When it comes to starting a business, the question of "where" can be just as important as "what," "why," and "how." Some states offer better business climates for entrepreneurs than others. And in today's economy, entrepreneurs need all the help they can get when launching a new business.
The problem is that there's no one measure for evaluating a state's businesses environment. Do you look at the education of the workforce? The amount of regulations? The current level of economic growth?
The best method might be to combine as many factors as possible. U.S. News decided to look at two comprehensive studies that take completely different approaches to measuring the friendliness of the 50 states to entrepreneurs: the 2008 New State Economy Index, by the Kauffman Foundation and the Information Technology and Innovation Foundation, and the Small Business Survival Index 2008, by the Small Business and Entrepreneurship Council.
We combined the rankings of these two studies to help come up with our list of the top seven states for starting a business. Here is what we found:
1. Washington. The Evergreen State tops the list by coming in second on the New State Economy Index and fifth on the Small Business Survival Index. Washington is first among the states in steps toward energy efficiency and using more alternative-energy sources. It also has a highly productive manufacturing sector, signaling high wages and a tech-intensive economy. Washington leads the nation in value added per production hour as a percentage of the national average—the difference in value between inputs in the production process and the value of the units as finally sold. But in addition to these nonpolitical factors, Washington also has very low taxes, making the costs of growing a business quite low. It does not have its own income or capital-gains taxes, either personal or corporate.
2. Virginia. This state is not just "purple" in terms of its voting patterns. It also mixes the highly educated workforce and technological sophistication of blue states like Massachusetts with the low taxes and spending of red states like Texas. Virginia is one of the leaders in the information technology revolution, with the highest number of IT occupations in non-IT industries as a share of total jobs. Virginia also lands in the top 10 of states with the lowest consumption taxes.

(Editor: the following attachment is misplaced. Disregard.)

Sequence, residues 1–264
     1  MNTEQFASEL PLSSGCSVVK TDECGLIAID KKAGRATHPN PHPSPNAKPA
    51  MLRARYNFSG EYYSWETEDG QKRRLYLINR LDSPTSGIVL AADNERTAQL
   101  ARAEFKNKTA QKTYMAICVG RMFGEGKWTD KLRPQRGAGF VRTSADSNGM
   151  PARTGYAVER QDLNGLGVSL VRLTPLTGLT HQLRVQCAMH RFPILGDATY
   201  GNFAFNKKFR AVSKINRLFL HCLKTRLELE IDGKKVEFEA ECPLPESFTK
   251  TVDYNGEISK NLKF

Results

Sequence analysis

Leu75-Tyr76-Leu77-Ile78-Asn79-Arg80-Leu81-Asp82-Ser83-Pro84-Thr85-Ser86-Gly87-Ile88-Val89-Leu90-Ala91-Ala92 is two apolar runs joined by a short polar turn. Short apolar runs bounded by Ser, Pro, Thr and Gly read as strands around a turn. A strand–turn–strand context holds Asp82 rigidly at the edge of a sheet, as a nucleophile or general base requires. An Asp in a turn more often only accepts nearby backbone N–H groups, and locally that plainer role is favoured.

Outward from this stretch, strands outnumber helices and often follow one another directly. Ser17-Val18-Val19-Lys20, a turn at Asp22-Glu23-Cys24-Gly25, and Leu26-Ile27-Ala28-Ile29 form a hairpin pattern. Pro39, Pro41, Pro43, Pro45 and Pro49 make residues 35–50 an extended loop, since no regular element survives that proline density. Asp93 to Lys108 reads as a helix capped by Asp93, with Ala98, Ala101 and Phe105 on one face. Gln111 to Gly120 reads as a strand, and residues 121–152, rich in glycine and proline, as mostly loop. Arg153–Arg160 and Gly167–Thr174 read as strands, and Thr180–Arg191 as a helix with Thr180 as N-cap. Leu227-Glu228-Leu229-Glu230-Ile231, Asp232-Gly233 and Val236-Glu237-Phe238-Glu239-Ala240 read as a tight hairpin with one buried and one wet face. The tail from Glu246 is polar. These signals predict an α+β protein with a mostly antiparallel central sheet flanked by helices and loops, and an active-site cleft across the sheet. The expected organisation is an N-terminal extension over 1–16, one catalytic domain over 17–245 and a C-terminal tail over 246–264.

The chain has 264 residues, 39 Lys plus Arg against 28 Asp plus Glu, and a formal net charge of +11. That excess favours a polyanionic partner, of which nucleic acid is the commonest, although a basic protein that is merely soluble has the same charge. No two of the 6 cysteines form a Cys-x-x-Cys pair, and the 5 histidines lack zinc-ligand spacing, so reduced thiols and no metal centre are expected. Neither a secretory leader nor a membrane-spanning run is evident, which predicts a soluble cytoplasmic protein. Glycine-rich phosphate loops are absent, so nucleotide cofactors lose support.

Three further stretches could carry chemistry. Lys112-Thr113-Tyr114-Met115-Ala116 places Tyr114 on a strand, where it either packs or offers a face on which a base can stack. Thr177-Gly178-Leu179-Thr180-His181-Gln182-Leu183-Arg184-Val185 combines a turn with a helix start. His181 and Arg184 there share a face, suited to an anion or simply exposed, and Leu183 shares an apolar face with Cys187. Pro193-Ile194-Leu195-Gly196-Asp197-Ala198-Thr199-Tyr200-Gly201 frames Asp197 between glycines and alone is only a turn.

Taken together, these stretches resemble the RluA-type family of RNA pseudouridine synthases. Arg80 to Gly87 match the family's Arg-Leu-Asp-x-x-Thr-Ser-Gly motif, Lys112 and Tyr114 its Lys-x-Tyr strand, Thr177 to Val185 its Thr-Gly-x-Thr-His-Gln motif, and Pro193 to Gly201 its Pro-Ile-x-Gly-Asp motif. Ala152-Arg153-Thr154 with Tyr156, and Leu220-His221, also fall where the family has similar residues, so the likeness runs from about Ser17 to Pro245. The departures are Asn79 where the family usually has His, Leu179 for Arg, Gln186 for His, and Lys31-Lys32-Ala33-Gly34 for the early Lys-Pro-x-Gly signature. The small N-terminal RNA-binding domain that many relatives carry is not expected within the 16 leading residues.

3. Colorado. It's probably not a coincidence that one of the fastest-growing states (the population is estimated to have grown 13 percent from 2000 to 2007) is also one of the best to start a business. What's attracting so many people to Colorado might be the third-most-educated workforce in the nation. That brainy workforce has pushed Colorado to fourth place in terms of the number of patents issued to companies or individuals per 1,000 workers. The state also finishes in the top half of all states in terms of the level of income, capital gains, consumption, and property taxes.
4. Texas. Globalization has made it possible for entrepreneurs to serve markets in not just their immediate community, region, or country but the whole world. If your ambition is that encompassing, Texas might be a good place to start. Texas has the most globe-focused manufacturing sector in the country, with export sales at $69,268 per worker—the highest of any state. Another incentive for business owners is the cost of labor—Texas has the lowest workers' compensation costs of any state. The Lone Star State also lacks an income or capital-gains tax for individuals,
5. Nevada. Nevada has a reputation as a state where "anything goes." That is almost true when it comes to the state government's policies toward business. Nevada has no income or capital-gains tax for individuals or corporations, the 15th-lowest property taxes, and the second-lowest number of government employees. But that low level of government has not come at the cost of the state's economic infrastructure. Nevada ranks high for several factors important for future innovation, including the export focus of its manufacturing sector, the productivity of its manufacturing sector, number of patents issued, and the electronic sophistication of its healthcare system.
6. Utah. While Utah has a reputation for being one of the most culturally conservative states, don't confuse that conservatism with a lack of dynamism or risk-taking. Utah has the third-fastest-growing firms in the country. It also ranks third in "job churning"—the number of new start-ups combined with business failures. It might seem strange to count failures as a good thing. But a large amount of job churning indicates that the state's economy is replacing old and inefficient businesses with new and more efficient ones. Utah's government lowers the cost of doing business by making few health insurance mandates—the fourth fewest in the nation of any state.
7. Florida. The Sunshine State's economy has been hit hard by the housing crisis, more than almost any other state. But Florida's economy has some fundamental advantages that are not going away simply because of a recession. Its low corporate and unemployment taxes and nonexistent individual taxes attract business people. Additionally, Florida has done a good job adjusting to new economic and technological trends: It ranks ninth in the nation in the export focus of its manufacturing sector and eighth in the number of Internet domain names created per firm.